Excellent medical care is common in the U.S., but it is provided amid all too evident dysfunction. Quality and access to needed services are high for some patients and low for others. Waste is rampant, and costs have escalated more rapidly than incomes for years. Patients and their insurers often pay widely divergent prices for services provided just miles apart. And the patient and insurance billing system is bureaucratic, opaque, and maddening for all concerned.
The fundamental problem is the absence of discipline and accountability. There is very little incentive for those providing care to patients, or for insurers, to become more efficient over time, or to lower their prices, because doing so provides uncertain returns at best. More often than not, cost-cutting does not translate into expanded market share and stronger financial performance.
In this way, health care stands out. In most sectors, consumers gravitate naturally to the businesses that can eliminate unnecessary costs or find better ways of delivering products and services, which translate into lower prices. But the health care market misfires because of inherent and external factors that protect expensive incumbents even when they underperform and overcharge.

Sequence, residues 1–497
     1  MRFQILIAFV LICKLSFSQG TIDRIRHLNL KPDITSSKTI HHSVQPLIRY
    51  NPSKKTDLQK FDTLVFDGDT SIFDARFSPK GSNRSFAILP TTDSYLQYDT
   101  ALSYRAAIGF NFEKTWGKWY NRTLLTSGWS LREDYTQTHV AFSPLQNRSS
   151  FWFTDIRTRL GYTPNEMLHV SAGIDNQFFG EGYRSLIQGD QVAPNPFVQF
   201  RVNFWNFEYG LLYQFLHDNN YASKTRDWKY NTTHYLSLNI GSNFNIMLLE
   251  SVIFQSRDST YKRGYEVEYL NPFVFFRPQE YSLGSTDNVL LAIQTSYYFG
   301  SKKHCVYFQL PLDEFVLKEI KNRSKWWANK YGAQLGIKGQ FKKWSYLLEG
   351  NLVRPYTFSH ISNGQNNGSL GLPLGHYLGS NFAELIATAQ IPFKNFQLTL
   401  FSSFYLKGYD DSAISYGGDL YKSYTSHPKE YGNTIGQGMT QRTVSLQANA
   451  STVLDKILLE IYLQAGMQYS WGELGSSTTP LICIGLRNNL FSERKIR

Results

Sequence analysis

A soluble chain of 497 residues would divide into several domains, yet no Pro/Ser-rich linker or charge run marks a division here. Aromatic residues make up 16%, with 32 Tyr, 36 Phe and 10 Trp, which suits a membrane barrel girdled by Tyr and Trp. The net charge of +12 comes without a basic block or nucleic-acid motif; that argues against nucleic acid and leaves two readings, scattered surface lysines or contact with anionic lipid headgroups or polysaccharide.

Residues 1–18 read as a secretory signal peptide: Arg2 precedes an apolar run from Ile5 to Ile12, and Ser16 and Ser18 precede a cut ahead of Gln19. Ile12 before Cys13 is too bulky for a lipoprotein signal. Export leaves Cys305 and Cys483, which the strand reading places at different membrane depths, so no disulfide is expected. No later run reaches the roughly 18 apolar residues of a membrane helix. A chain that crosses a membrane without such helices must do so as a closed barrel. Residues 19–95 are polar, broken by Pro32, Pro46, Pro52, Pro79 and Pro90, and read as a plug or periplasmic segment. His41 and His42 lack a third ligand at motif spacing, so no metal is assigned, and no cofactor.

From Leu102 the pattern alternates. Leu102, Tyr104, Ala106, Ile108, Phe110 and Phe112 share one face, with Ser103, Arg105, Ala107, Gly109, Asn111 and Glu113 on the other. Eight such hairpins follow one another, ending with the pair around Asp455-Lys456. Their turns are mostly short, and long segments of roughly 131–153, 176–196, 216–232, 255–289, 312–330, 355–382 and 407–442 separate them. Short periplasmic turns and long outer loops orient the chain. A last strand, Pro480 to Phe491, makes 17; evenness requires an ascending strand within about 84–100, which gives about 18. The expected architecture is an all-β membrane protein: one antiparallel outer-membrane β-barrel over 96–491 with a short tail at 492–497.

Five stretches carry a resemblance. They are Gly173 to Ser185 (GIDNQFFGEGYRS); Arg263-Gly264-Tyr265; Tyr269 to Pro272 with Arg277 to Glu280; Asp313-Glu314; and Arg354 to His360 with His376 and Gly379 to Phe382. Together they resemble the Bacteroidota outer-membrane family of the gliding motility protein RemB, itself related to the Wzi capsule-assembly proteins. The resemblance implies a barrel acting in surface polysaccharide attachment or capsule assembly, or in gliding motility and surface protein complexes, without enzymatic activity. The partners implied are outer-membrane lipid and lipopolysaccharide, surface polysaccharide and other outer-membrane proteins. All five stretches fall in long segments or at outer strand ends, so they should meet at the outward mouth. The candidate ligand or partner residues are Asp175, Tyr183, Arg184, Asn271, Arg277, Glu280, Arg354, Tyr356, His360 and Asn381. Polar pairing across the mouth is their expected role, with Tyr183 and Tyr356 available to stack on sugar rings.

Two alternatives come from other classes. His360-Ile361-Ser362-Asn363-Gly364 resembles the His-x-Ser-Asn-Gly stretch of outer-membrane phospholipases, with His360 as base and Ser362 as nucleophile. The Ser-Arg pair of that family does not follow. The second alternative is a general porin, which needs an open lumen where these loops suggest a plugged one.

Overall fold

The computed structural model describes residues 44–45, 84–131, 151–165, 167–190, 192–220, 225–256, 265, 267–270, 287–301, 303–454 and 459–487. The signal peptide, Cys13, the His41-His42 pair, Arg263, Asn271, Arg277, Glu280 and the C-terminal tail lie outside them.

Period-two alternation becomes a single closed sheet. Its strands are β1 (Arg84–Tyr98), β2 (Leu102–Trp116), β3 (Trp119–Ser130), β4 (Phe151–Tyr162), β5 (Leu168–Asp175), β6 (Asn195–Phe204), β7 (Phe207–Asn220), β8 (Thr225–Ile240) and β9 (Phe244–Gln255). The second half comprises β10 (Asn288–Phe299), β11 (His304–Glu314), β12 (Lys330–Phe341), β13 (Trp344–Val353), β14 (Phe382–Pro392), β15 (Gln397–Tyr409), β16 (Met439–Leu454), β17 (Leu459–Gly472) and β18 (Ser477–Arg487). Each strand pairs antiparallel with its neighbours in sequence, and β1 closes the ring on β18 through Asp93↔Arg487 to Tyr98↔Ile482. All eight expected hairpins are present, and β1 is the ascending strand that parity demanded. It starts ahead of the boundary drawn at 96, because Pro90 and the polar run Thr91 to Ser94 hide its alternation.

To provide high-quality care with the least possible use of resources, institutions and clinicians need strong financial incentives to become more productive over time, which can be a painful process. For the market to work, firms need to be able to attract consumers by sharing the financial benefits tied to efficiency gains with them. That is not a realistic possibility in many health care settings today because of numerous impediments. As just one example, consumers are price insensitive to expensive care because their costs don’t change once they’ve hit the deductibles in their health insurance plan, so there is no reason to seek lower-priced providers.
Without the prospect of better returns from cost-cutting, firms will look for easier ways to increase their profits, perhaps by increasing their market leverage so they can charge higher, rather than lower, prices to insurers and employers.
The problem is not the lack of cost-saving opportunities. There are many possibilities for improvement, like eliminating clinical steps that provide no clear value to patients, streamlining the non-clinical staffs of hospitals and physician groups, rethinking the clinical pathways for high-expense cases, moving work from higher-paid to lower-paid clinicians, steering patients to the most cost-effective practitioners through various insurance design adjustments, and working closely with patients to prevent their chronic conditions from becoming acute.
One might think of the process of cutting costs without compromising quality as the “reengineering” of U.S. health care. The key question for policymakers is: What can set such a virtuous reengineering cycle in motion, and not just as a one-off occurrence but rather as something that takes place continuously?